Wednesday, October 9, 2013
The Therapeutic Value of Dispensing Advice
Take a minute (or five of them, plus four seconds) this afternoon and listen.
I remember this song coming out shortly after I graduated from High School. (Somewhat inconsequential fact: the message was actually written in 1997 - the year I graduated from High School.) It was written by a Chicago Tribune columnist who was wistfully pondering what sage snippets she would impart, if ever she were invited to be a graduation speaker.
It made me tear up then (I don't really know why), and having stumbled upon it again (thanks to Alexandra's excellent blog), it still does. In fact, I think some of the wisdom is just as (or more) applicable for worn-out thirty-somethings than it was for me at barely-twenty ("You are not as fat as you imagine.").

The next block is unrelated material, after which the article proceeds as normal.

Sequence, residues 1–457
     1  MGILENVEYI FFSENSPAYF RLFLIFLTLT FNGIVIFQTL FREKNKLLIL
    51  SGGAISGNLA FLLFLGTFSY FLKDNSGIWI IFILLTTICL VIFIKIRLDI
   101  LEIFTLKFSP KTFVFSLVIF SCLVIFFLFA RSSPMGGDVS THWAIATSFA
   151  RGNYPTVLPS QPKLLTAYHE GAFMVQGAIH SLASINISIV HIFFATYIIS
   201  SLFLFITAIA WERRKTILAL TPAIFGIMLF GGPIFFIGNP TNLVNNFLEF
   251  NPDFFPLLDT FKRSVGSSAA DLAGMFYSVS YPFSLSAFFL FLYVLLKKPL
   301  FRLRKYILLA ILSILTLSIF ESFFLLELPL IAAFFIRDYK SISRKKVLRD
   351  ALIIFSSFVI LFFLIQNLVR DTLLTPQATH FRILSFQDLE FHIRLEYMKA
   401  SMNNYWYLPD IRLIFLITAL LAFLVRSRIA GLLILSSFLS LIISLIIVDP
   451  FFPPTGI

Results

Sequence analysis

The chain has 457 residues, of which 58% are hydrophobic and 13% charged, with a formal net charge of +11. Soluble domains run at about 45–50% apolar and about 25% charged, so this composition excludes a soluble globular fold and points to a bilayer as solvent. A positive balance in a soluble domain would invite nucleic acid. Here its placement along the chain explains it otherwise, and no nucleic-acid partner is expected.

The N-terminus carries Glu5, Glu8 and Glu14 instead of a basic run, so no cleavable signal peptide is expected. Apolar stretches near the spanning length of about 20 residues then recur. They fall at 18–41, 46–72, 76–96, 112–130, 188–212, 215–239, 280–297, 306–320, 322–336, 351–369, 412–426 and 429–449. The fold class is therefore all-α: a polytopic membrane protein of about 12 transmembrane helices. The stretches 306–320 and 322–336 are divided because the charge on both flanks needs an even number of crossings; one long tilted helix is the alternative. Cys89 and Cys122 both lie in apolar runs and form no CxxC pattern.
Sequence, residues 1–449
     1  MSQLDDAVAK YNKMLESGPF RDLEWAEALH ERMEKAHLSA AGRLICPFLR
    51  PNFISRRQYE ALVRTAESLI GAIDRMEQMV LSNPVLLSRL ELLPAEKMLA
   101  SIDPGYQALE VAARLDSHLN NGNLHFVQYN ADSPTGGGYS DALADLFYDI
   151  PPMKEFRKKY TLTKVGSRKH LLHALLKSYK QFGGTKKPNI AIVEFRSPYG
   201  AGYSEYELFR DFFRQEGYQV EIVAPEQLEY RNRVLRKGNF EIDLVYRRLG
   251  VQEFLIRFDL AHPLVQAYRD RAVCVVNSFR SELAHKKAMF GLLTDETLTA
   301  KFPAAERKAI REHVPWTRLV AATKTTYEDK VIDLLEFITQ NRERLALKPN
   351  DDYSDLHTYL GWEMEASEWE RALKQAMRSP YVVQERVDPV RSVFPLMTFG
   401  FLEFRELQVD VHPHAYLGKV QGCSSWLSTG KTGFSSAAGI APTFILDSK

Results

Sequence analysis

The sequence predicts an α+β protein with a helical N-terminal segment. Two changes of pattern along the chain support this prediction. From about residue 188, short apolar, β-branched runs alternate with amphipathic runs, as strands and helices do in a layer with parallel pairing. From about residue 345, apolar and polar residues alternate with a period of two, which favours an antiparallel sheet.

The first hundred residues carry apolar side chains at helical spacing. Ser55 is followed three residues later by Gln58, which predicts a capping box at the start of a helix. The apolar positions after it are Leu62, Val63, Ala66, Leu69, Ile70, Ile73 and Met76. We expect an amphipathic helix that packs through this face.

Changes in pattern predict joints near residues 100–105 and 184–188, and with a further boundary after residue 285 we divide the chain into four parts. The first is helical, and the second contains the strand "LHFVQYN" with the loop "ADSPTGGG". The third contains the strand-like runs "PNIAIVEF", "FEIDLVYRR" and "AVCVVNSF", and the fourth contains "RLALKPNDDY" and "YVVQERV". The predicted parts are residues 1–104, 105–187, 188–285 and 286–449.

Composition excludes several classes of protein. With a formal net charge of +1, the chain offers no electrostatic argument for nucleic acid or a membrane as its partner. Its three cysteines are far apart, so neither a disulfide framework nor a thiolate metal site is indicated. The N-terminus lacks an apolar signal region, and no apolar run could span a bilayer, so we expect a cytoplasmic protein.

But it makes my heart swell differently now. Because I have lived fourteen or so more years of life and can commiserate with the lyrics ("Oh yes, definitely!). Maybe we've even said something similar to a child, a cousin going off to college, a wayward sibling.
Why does it make us feel good to give advice?
I don't think it's ego. The opposite, in fact. Giving advice makes us feel like, for all the things we've messed up, we've gotten enough right that we have something useful to share.
I've been so weary from sleep-deprivation and so irritated-raw from my toddler's backtalk, that when someone pays me the extreme complement of asking for my advice, I nearly sent them flowers as a thank you.
So today, I want to give you a pick-me-up: what's your best advice? On life. Nutrition. Mothering. Running a business. Hit me!